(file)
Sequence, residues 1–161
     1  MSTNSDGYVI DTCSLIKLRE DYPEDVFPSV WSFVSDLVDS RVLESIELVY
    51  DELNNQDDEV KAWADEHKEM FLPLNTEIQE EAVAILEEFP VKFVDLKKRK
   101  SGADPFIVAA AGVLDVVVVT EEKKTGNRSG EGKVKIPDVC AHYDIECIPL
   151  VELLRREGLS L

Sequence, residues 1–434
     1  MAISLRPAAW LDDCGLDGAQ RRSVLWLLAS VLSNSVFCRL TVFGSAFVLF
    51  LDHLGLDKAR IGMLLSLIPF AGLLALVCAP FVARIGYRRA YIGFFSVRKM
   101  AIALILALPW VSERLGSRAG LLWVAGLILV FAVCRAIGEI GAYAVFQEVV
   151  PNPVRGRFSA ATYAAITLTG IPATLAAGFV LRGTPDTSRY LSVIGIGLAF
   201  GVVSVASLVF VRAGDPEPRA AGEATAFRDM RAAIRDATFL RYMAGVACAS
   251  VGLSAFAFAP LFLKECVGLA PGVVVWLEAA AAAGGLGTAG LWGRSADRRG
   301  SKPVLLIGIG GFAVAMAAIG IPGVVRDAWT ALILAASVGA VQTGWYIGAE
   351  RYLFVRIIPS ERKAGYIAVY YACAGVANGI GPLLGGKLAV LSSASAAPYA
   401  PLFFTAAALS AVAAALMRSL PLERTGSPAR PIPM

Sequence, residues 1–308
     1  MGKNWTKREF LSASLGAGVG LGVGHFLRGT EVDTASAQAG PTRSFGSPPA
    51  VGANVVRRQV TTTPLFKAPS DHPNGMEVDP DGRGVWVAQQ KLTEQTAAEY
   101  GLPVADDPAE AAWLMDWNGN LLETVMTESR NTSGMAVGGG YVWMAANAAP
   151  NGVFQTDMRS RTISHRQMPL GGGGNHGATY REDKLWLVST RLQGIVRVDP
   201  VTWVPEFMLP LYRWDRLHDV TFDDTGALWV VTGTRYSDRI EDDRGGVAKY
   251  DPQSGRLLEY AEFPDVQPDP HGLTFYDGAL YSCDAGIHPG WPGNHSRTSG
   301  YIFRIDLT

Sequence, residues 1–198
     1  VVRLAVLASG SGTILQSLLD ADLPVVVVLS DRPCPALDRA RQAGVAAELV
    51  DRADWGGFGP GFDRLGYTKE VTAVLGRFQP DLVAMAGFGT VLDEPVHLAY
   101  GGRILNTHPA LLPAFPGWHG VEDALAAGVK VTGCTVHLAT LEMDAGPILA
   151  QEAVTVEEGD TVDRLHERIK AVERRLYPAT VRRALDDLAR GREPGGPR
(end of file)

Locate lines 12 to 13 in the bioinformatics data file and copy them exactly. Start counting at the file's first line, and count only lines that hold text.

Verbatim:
   251  VGLSAFAFAP LFLKECVGLA PGVVVWLEAA AAAGGLGTAG LWGRSADRRG
   301  SKPVLLIGIG GFAVAMAAIG IPGVVRDAWT ALILAASVGA VQTGWYIGAE